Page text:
The former Renault-Nissan Alliance chairman, Carlos Ghosn, has fired back at his former employer with a lawsuit.
According to The Financial Times (subscription required) in a report last Thursday, Ghosn has is suing Nissan and Mitsubishi Motors in The Netherlands. A joint venture called Nissan-Mitsubishi BV (NMBV) employed Ghosn as chairman when the Renault-Nissan alliance created the entity in 2017. The Renault-Nissan alliance acquired a controlling stake in Mitsubishi in 2016.
Details provided in the report claim Ghosn is suing over improper termination from the joint venture for $16.73 million at current exchange rates. The joint venture, set up in the Netherlands, follows a certain dismissal process under Dutch law. Ghosn and his lawyers assert Nissan and Mitsubishi did not follow protocol in terminating the executive. Allegedly, the entity did not provide any evidence surrounding allegations of taking payments from NMBV. The payments were made between April and November of 2018 and an internal investigation did not find the reason why Ghosn used NMBV to receive funds. Ghosn filed the lawsuit in late June.
The payments were supposedly in exchange for Ghosn heading up the joint venture as managing director. The investigation reportedly did find the entire process was invalid because an unauthorized Nissan official signed off on the agreement. Other Mitsubishi board members were not involved in the payments for Ghosn’s employment, per the report.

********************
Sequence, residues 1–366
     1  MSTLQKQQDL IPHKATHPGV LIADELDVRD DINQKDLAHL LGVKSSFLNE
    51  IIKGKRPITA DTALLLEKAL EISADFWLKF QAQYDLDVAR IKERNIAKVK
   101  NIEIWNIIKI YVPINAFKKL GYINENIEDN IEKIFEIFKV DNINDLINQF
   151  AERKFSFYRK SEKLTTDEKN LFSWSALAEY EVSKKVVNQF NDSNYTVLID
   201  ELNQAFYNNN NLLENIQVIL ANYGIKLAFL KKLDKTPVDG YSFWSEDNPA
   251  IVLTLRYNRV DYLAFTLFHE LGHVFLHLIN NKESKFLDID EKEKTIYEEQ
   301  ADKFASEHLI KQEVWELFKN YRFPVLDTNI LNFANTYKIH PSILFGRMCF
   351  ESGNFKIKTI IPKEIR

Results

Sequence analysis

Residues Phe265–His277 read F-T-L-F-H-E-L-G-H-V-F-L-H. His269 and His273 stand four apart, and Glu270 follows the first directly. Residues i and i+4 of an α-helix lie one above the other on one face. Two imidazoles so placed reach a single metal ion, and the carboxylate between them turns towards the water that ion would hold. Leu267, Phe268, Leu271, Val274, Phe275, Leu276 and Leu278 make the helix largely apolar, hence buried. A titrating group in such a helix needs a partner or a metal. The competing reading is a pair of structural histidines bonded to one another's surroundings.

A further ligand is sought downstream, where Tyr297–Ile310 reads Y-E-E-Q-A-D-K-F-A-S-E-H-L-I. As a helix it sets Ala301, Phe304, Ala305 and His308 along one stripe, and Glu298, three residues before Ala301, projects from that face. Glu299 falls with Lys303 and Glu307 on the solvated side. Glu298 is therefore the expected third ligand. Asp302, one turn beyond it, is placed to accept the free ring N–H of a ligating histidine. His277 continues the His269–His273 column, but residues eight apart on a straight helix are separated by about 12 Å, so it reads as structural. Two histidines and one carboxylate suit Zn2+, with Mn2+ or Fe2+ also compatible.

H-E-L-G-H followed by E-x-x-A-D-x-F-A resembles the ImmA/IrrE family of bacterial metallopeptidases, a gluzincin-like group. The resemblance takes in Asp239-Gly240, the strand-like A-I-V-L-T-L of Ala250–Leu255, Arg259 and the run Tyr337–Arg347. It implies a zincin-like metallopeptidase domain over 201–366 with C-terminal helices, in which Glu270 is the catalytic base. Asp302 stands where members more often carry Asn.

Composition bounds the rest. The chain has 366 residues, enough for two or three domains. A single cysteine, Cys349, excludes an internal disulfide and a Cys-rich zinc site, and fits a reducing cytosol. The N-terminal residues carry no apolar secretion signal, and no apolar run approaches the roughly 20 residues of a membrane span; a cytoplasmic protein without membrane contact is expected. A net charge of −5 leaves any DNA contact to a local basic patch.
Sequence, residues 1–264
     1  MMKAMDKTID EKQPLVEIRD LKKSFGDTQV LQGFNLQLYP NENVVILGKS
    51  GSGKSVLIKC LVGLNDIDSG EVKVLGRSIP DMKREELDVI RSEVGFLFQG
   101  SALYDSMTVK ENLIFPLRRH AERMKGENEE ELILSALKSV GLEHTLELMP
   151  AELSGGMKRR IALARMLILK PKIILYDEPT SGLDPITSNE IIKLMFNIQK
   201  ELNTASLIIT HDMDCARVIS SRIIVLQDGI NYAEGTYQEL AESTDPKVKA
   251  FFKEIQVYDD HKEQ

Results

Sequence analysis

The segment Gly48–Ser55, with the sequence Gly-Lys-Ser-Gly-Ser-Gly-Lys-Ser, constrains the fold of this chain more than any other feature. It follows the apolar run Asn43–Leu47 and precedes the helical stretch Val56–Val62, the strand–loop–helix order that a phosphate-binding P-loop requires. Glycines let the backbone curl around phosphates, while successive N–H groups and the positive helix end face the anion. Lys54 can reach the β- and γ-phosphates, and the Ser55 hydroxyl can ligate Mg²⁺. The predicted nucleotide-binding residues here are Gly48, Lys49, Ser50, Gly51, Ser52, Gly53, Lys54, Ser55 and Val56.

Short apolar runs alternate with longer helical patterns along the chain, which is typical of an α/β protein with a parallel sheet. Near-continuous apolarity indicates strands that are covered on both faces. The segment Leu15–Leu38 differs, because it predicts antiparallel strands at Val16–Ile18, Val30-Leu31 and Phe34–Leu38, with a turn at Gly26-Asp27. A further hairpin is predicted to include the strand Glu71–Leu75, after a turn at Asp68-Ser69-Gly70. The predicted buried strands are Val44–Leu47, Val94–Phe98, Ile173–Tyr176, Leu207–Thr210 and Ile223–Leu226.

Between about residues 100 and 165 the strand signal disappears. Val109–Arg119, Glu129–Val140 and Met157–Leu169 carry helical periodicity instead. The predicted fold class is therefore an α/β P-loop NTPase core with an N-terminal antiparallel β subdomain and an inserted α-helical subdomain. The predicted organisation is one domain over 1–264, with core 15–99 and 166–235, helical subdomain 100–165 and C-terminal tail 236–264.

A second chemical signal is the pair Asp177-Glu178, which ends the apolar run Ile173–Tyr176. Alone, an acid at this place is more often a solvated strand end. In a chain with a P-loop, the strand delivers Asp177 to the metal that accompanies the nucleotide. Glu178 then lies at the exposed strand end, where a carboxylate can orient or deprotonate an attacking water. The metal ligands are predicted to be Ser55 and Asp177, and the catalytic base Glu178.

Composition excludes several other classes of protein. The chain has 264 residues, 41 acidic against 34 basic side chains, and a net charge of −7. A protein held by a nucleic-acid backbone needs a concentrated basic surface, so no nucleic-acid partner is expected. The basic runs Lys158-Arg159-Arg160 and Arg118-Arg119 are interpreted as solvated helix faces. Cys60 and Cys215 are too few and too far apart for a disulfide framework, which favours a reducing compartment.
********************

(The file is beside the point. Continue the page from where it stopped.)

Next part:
Nissan, Renault, and Mitsubishi have so far not shared evidence of Ghosn’s alleged crimes with Ghosn, and this new lawsuit is part of a legal strategy to change that. While the lawsuit has nothing to do with the financial crimes Ghosn is accused of committing, his team hopes to gain access to any documents Nissan and Mitsubishi may have compiled. Additionally, the court challenge may compel Hiroto Saikawa, Nissan CEO, and Mitsubishi chairman Osamu Masuko to testify in a Dutch court.
Ghosn is currently out of jail on bail in Tokyo. He’s accused of misreporting income to financial regulators, transferring personal losses onto Nissan’s corporate books, and most recently, transferring corporate funds for his own personal use. Ghosn vehemently denies all charges.